This is the last weekend before the Feasting on Art Recipe Contest deadline. Submit your entries now to be in the running to win a copy of the cookbook, Food of the Louvre.

Historically, the pomegranate was used to symbolise fertility due to the mythical origins of the fruit. As related by Silvia Malaguzzi in her book Food and Feasting in Art, the god Acdestis, violent and lustful, was “handed over to Bacchus, who got him drunk. Once Acdestis had passed out, Bacchus tied up his feet and genitals. When Acdetis woke up, blood seeping from his genitals formed the pomegranate. The fruit was taken to the nymph Nana, who became pregnant by it and gave birth to Atys” (1). From the outside, the pomegranate is a fairly inauspicious fruit. It was not until I sliced it open, the crimson juice staining the cutting board and splattering on my clothes, that the corporeal aspect of the fruit was revealed. Within the iconography of the Christian Church, the pomegranate represents the blood of Christ. The name is derived from the Latin pōmum meaning apple and grānātus meaning seeded. Beating a section of the fruit with the back of a spoon yields a scattering of round ruby seeds.  The pomegranate is sometimes thought to be the forbidden fruit of the Garden of Eden, similar to the ‘garden of paradise’ of Qur’an where the ancient fruit with the jewel-like seeds grew (2).

Jacob van Hulsdonck, Still Life with Lemons, Oranges and a Pomegranate, c.1620-40
oil on panel, 42 x 49.5 cm, The Getty Collection

Jacob van Hulsdonck was a native of Antwerp who spent a large portion of his life in Germany where he began his artistic studies. Upon his return to Antwerp at the age of 27, he joined the local painters’ guild. Van Hulsdonck specialised in still life painting, becoming a master through his carefully rendered details. In Still Life with Lemons, Oranges and a Pomegranate, the rough texture of the citrons is meticulously depicted. Small droplets of water lay scattered on the table and cling delicately to the leaf of the orange in the bottom right of the panel. According to the Getty Museum, the blue and white porcelain bowl dates from the Wan-Li period of the Ming dynasty (3). Painted from a high vantage point, the majority of the fruit bounty is visible in the bowl, preserving the fleeting life of the natural products.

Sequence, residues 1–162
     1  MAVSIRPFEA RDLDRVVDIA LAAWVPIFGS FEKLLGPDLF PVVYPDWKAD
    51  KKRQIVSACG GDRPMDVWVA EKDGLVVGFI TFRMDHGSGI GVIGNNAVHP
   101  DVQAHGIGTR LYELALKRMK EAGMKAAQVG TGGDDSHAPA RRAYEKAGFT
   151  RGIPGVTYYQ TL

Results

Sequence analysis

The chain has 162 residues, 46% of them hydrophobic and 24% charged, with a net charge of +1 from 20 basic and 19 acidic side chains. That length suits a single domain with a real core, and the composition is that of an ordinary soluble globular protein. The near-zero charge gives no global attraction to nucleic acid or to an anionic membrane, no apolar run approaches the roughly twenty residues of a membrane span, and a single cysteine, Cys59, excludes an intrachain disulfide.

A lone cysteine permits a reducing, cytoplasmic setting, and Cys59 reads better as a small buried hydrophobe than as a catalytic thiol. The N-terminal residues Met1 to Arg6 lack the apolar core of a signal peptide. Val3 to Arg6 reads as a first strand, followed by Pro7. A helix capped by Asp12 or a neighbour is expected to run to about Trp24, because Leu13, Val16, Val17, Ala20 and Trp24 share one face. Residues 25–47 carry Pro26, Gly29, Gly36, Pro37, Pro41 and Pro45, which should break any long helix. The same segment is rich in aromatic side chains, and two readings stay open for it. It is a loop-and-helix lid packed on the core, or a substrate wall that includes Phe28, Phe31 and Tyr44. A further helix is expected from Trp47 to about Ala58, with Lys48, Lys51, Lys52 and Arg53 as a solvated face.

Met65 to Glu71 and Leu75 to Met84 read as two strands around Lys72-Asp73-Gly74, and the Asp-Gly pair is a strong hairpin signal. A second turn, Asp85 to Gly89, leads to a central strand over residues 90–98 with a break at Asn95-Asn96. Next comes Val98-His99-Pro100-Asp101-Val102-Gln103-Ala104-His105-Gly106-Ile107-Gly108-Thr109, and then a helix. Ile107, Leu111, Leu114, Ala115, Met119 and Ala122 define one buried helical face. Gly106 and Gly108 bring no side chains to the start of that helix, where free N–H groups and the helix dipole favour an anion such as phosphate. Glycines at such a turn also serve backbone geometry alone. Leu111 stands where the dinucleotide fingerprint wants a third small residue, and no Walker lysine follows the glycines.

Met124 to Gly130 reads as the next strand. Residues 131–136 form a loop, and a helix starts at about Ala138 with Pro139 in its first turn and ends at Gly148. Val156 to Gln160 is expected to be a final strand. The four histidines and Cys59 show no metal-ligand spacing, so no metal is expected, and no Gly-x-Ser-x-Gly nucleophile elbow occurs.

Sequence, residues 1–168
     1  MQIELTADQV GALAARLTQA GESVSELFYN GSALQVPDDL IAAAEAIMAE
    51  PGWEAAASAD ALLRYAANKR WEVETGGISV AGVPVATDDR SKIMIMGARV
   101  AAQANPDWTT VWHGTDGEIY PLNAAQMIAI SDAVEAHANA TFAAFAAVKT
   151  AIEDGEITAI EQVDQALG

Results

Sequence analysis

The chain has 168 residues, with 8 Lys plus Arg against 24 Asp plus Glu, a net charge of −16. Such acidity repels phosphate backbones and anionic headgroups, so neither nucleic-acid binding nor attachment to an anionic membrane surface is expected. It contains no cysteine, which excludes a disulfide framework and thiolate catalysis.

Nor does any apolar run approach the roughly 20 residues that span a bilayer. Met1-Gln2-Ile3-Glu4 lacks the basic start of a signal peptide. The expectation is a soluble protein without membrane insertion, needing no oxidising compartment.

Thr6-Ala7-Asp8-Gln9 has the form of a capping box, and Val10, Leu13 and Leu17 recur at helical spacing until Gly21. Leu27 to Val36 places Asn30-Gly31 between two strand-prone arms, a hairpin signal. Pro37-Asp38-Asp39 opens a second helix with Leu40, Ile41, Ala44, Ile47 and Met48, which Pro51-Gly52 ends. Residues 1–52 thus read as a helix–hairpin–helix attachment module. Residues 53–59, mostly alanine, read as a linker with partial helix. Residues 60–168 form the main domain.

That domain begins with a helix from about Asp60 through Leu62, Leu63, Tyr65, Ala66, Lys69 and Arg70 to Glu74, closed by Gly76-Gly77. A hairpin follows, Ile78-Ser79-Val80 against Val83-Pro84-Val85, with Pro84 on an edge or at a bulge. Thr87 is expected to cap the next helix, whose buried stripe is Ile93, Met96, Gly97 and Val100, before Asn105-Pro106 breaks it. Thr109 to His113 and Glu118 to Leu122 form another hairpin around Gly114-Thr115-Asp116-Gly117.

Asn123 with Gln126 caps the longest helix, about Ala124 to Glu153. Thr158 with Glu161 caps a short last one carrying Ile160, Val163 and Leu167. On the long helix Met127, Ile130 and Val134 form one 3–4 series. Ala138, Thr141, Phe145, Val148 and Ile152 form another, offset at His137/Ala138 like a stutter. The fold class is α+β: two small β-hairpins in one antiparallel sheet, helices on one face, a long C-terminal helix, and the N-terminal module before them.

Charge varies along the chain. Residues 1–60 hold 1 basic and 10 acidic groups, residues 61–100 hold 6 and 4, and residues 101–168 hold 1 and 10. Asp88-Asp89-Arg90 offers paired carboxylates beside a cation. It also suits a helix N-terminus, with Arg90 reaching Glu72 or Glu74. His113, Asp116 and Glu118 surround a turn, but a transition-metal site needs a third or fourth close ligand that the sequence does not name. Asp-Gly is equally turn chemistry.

{Orange & Almond Cake with Pomegranates & Poppy Seeds}

Adapted from What Katie Ate
Yield: 8 servings

1 1/2 cups almond meal
1/2 cup all-purpose flour
1/2 cup sugar
1 teaspoon baking powder
1/2 tsp cinnamon
3 eggs, separated
juice of 2 oranges + 1 orange, divided
1 teaspoon sugar
seeds from 1/2 pomegranate
1/4 c almond flakes
pinch of poppy seeds

Preheat the oven to 180C/350F. Line a 8-inch cake pan with baking paper and set aside. In a large bowl stir together the almond meal, flour, sugar, baking powder and cinnamon. Stir in the egg yolks and orange juice until just mixed, being careful not to overwork the batter.

In a separate bowl, whisk the egg whites until they form stiff peaks. Carefully spoon 1/3 of the egg whites into the cake batter, folding gently to loosen the batter. Scoop the remaining egg whites into the batter and stir until they are just incorporated. Pour into lined baking pan and slide into the oven for 4o-50 minutes until the top is golden brown and an inserted toothpick comes out clean. Remove from the oven and lift out of the pan by the baking paper. Peel off the paper and set aside on serving platter.

Meanwhile, de-seed the pomegranate and set aside. Juice the remaining orange into a small saucepan, adding any pulp from within the orange halves. Stir in the sugar and mix until it is dissolved. Simmer over medium-high heat until reduced by half. Scatter the pomegranate seeds over the top of the cake along with the flaked almonds. Add the poppy seeds to the orange juice, swirl to mix and drizzle over the cake, covering the top evenly. Serve warm and keep in an airtight container for up to 4-5 days.